New Market Report Finds Near-Boundless Opportunity in Synthetic Biology
A new U.S. thematic market report* titled “Mission Possible: How Synbio Can Drive Sustainability & Disrupt Manufacturing” from Barclays’ Equity Research team shines a spotlight on the tremendous potential their analysts see in the Synthetic Biology field. The in-depth report reviews the broad-ranging impact of SynBio as well as the latest investment.
“Synthetic biology underpins some of the biggest manufacturing disruptions across sectors, yet its role could be flying under the radar of investors,” analysts at Barclays write in the report, which is designed to help investors understand the breadth of opportunity available to them. “But while it may have been building like a slow wave, against a backdrop of heightened focus on sustainability and related ESG targets, synthetic biology is now poised to bring many innovations to shore.”
One of the reasons the analysts are optimistic is that synthetic biology touches so many diverse market sectors. “Synbio already plays a major role in the healthcare industry, has shown promise in the energy industry, and is becoming more prevalent in the consumer arena,” they write. “Synbio processes can unlock access to hard-to-source, if not novel, products, help reduce carbon emissions from supply chains, be designed to scale, and have the potential to reach or beat cost parity with current processes.”
The report focuses heavily on what synthetic biology can offer the consumer realm. Analysts note that these opportunities include replacing or enhancing current ingredients, developing ingredients that enable novel products, and creating entirely new molecules. “What it boils down to is that if scientists can program DNA like software engineers can program computers,” they write, “then from a scientific perspective synthetic biology can be used to manufacture a seemingly infinite number of potential outputs.”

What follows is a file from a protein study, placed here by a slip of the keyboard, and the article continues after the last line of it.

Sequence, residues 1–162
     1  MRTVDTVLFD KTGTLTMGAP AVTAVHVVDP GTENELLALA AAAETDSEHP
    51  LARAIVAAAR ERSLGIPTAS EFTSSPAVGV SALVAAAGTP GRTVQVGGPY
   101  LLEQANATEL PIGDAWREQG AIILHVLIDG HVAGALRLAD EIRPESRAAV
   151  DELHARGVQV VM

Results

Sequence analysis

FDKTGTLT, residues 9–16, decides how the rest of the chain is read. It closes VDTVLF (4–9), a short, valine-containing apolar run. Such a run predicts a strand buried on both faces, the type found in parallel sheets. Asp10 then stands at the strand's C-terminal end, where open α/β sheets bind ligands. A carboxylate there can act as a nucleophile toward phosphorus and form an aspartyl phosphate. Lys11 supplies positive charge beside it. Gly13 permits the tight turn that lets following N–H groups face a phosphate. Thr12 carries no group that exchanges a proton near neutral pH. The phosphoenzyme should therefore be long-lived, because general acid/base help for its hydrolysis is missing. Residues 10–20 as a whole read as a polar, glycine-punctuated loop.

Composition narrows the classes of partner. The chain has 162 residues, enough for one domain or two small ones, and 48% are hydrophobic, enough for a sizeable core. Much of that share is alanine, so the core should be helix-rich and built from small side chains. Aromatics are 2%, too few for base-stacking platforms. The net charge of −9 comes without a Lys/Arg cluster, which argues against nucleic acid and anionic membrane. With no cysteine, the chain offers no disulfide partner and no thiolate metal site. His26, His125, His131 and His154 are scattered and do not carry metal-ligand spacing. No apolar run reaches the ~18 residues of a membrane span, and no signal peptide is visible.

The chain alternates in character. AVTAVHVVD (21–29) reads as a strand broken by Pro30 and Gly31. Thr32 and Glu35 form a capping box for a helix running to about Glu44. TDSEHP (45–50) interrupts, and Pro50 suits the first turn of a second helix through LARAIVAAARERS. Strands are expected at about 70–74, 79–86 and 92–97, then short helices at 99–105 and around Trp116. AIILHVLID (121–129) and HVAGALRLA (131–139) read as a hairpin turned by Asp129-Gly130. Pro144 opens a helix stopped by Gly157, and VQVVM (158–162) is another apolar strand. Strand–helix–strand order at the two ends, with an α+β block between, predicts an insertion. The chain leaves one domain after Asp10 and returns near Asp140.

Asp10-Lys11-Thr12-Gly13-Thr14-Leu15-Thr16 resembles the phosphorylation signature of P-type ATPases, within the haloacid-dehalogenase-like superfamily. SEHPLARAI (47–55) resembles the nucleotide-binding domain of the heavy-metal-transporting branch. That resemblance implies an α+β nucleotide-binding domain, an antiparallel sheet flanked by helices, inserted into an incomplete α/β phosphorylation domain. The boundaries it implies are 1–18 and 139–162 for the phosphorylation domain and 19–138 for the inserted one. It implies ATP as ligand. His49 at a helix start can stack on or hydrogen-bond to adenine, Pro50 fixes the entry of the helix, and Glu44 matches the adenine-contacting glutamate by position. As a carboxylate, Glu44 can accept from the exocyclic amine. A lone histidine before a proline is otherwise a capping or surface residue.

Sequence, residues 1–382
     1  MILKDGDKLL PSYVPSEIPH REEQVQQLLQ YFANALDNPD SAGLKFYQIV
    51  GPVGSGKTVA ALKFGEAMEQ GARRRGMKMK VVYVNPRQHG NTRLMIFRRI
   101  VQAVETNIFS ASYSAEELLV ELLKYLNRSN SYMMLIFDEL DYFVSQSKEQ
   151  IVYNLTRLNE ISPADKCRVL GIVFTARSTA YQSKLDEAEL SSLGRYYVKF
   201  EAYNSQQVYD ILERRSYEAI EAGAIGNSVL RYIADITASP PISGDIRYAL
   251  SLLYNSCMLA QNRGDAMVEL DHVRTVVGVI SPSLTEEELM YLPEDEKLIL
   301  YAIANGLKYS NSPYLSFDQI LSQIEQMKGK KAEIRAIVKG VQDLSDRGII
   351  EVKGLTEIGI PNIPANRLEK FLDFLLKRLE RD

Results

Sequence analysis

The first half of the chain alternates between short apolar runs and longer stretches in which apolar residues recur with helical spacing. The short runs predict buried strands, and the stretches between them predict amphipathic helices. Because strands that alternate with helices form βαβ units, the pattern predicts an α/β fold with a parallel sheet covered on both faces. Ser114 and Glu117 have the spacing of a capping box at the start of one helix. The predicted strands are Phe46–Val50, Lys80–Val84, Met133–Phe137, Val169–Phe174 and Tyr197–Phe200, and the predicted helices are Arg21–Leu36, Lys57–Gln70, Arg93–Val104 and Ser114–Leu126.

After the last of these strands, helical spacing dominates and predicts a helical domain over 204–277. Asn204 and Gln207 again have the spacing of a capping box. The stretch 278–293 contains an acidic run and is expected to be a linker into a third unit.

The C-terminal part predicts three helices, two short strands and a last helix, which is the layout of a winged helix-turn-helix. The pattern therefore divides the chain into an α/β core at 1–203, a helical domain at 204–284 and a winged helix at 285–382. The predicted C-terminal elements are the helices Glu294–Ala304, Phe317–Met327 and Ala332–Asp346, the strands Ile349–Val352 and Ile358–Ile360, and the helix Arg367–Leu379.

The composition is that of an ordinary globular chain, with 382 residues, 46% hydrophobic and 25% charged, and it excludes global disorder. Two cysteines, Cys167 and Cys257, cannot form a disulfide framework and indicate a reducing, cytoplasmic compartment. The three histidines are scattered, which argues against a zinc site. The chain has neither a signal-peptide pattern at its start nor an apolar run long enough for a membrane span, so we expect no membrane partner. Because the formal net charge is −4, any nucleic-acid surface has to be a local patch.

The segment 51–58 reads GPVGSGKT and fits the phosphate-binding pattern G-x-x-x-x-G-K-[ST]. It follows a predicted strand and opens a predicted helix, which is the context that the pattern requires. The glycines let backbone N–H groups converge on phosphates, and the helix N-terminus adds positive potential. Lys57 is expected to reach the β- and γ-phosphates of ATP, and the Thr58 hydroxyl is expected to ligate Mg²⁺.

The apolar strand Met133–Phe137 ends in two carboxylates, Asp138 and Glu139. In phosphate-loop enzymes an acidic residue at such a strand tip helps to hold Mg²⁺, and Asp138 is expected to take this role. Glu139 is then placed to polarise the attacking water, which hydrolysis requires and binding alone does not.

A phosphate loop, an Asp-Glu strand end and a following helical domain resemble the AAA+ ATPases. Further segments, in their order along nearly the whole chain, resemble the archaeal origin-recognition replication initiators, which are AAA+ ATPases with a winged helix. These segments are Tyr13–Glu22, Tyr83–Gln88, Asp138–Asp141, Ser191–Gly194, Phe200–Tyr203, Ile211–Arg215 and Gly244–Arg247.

The analysts note that technology development has played a key role in expanding the opportunity in synthetic biology. They credit new genetic engineering tools such as CRISPR for helping to create an environment where the impact of synthetic biology can be much more significant than it was even a decade ago.
“If the last century was characterized by the industrial revolution, we think this century will be shaped by the synthetic biology/built-by-biology revolution,” the team reports. Regardless of which consumer products (or other synthetic biology-enabled products) strike it big, the analysts add, “the key is that they will all be supplied by life sciences tools companies.” (We were delighted to see Inscripta profiled in this report as one of the tools companies they see as the foundation of this space!)
Of course, the analysts do caution about challenges that lie ahead. They focused on a handful, including achieving necessary scale, convincing conventional manufacturers to switch to new suppliers with different cost structures, gaining acceptance from consumers, navigating an uncertain regulatory landscape, and closing remaining gaps in sustainable production. With that said, though, the team writes, “We believe synthetic biology’s more pervasive role in consumer manufacturing is a matter of ‘when’ not ‘if.’”
*contact Barclays Research to access the full report